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US stocks close lower thanks to energy sell-off


The Dow Jones industrial average fell 37.39 points, or 0.2%, to 18,495.66

The Dow Jones industrial average fell 37.39 points, or 0.2%, to 18,495.66

The Dow Jones industrial average fell 37.39 points, or 0.2%, to 18,495.66

A sharp sell-off in energy companies has pulled US stock indexes modestly lower, wiping out small gains from the day before.

Another slide in crude oil prices weighed on the energy sector. Banking, health care and technology companies also declined, while consumer-focused stocks and phone companies posted gains.

Investors mostly focused on company earnings from retailers, restaurant chains and other companies.

"We're still down year-over-year for the quarter, but there's a growing conviction that the headwinds from the energy bust and strong dollar are increasingly fading," said David Lefkowitz, senior equity strategist at UBS Wealth Management Americas.

The Dow Jones industrial average fell 37.39 points, or 0.2%, to 18,495.66. The Standard & Poor's 500 index shed 6.25 points, or 0.3%, to 2,175.49. The Nasdaq composite index lost 20.90 points, or 0.4%, to 5,204.58.

In the absence of major economic news, in what is a seasonally slow period for the markets, investors have been monitoring company earnings for clues about how the second half of the year is shaping up for corporate America.

A strong jobs report last Friday boosted investors' confidence in the US economy. Traders are looking ahead to Friday, when the US government delivers its latest monthly retail sales figures.

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Most companies have already delivered their quarterly report cards, and earnings and revenue have been relatively good. Some 90% of the companies in the S&P 500 index have already reported second-quarter results, and roughly 65% posted earnings that beat Wall Street's expectations, according to S&P Global Market Intelligence.

Even so, earnings overall are expected to be down 2.1%, dragged down by the energy sector, which has been struggling with a steep drop in oil prices.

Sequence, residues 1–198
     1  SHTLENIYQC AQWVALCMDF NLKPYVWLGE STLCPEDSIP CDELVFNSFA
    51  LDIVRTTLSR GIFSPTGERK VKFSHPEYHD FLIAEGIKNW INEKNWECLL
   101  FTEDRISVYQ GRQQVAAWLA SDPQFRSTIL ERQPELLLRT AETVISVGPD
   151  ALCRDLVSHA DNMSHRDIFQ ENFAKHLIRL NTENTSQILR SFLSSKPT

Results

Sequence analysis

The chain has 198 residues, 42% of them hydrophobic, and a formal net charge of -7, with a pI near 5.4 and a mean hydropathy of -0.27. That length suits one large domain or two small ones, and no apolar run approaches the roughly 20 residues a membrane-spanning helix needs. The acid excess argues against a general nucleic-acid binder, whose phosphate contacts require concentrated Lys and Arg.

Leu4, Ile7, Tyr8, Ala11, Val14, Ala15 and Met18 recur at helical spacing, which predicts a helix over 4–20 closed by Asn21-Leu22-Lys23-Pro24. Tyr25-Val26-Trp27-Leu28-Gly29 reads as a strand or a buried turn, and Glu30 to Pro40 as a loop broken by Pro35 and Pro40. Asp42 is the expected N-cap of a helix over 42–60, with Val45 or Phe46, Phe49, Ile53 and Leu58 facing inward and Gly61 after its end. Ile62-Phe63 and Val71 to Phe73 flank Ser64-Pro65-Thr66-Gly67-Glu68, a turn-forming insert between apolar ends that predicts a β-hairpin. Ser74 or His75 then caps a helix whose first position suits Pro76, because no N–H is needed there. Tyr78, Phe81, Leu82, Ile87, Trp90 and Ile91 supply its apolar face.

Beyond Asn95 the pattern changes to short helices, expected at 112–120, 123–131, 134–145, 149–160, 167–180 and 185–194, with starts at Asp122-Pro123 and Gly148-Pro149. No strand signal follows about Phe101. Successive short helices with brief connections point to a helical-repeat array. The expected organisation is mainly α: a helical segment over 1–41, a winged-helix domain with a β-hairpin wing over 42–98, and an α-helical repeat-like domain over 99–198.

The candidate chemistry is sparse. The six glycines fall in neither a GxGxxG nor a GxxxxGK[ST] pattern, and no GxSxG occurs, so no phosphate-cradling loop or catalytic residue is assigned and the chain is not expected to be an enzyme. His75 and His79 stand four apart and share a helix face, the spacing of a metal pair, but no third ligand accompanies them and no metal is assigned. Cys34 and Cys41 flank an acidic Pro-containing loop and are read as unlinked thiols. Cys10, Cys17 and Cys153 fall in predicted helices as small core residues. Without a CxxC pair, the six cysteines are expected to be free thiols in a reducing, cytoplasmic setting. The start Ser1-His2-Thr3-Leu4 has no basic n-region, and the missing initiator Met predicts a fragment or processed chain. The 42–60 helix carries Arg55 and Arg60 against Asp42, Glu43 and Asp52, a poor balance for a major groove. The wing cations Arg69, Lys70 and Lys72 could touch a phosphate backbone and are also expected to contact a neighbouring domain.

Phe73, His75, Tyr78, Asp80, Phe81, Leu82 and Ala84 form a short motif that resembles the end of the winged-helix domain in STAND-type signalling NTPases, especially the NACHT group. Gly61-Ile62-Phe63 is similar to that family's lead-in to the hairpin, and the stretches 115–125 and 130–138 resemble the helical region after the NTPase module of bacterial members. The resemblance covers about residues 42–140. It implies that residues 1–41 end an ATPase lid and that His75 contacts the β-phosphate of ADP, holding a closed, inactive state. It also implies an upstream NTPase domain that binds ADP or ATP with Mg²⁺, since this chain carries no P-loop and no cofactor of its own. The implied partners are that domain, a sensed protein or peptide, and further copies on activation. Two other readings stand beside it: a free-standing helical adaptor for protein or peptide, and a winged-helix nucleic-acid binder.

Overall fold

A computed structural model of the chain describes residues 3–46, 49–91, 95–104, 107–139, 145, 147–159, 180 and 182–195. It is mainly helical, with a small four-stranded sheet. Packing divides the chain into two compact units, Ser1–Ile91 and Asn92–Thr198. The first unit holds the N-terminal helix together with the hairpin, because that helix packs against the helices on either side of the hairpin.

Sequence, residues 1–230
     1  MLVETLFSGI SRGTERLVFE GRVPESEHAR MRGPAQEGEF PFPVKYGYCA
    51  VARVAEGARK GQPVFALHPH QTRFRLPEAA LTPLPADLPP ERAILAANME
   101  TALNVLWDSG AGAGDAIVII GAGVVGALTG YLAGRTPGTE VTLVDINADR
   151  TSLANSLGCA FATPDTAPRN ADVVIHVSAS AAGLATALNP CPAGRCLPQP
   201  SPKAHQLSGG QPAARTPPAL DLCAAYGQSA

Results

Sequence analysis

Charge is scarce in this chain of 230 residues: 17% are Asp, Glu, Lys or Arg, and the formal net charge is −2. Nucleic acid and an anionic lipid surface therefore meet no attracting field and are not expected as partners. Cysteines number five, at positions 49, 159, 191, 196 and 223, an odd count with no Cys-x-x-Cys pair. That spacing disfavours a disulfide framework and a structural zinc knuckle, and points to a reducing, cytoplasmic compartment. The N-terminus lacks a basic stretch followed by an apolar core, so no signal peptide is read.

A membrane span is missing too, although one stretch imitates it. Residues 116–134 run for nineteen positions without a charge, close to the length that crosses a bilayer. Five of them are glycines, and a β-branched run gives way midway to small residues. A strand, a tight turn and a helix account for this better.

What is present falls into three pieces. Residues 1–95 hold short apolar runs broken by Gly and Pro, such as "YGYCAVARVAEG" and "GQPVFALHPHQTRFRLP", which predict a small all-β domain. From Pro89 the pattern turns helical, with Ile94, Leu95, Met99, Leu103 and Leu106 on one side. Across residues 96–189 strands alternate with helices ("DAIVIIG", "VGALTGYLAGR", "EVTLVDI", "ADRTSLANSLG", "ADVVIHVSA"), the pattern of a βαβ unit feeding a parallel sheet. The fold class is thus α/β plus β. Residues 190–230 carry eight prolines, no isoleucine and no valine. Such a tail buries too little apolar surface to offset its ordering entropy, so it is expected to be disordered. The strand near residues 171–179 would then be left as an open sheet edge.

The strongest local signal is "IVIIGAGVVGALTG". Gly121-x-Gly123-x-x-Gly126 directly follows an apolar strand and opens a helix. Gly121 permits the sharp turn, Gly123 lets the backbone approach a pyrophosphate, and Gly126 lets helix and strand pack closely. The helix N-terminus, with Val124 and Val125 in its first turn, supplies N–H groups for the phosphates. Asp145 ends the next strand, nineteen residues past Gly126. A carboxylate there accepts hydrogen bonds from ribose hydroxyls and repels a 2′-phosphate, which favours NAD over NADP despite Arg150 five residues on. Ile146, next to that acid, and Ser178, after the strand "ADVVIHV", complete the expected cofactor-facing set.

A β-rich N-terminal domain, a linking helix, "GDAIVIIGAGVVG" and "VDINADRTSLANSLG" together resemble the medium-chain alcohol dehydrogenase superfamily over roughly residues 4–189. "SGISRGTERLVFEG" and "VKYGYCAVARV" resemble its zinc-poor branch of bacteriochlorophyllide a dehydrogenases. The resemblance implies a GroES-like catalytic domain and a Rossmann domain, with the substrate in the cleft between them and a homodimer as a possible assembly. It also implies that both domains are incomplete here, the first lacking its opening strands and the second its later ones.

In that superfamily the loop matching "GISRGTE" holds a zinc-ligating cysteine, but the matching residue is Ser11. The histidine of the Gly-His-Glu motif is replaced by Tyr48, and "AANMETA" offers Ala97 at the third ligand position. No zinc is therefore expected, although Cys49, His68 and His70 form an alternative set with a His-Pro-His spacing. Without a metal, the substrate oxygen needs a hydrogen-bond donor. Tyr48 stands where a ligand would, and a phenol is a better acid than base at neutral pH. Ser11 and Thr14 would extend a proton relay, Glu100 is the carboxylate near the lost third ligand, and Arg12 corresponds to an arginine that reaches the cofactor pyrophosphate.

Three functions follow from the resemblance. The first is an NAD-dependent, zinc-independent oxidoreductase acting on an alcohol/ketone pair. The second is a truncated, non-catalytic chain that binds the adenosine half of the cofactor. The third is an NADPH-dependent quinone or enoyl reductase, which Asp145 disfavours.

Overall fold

A report showing a bigger-than-expected increase in US oil stockpiles last week weighed on the price of crude, reversing an early gain.

Benchmark US crude fell 1.06 dollars, or 2.5%, to close at 41.71 dollars per barrel in New York. Brent crude, used to price international oils, slid 93 cents, or 2.1%, to close at 44.05 dollars per barrel in London.

Several companies reported disappointing quarterly results and gloomy outlooks.

Michael Kors slid 2.8% after the clothing company forecast weaker sales for the current quarter and lowered its outlook for sales at established stores. The stock fell 1.40 dollars (£1) to 48.71 dollars (£37.47).

Perrigo sank 9.6% after the pharmaceuticals company cut its guidance for the year, citing growing competition and falling prescription drug prices. The stock lost 9.09 dollars (£6.99) to 86 dollars (£66).

Traders sought shade from SunPower after the solar products and service company tumbled 30.2%. The company said its power plant business is struggling amid growing competition and project delays. The stock lost 4.47 dollars (£3.43) to 10.31 dollars (£7.90).

Investors bid up shares in several companies that reported strong earnings.

Yelp jumped 12.8% after the online business review portal reported strong quarterly results. The stock added 4.19 dollars(£3.22) to 36.83 dollars (£28.33).

Clothing company Ralph Lauren surged 8.5% after it too delivered strong quarterly results. The stock gained 8.07 dollars (£6.20) to 103.14 dollars (£79.35).

"The earnings beats that we're getting are, to a large extent, being driven by better revenue performance," Mr Lefkowitz said.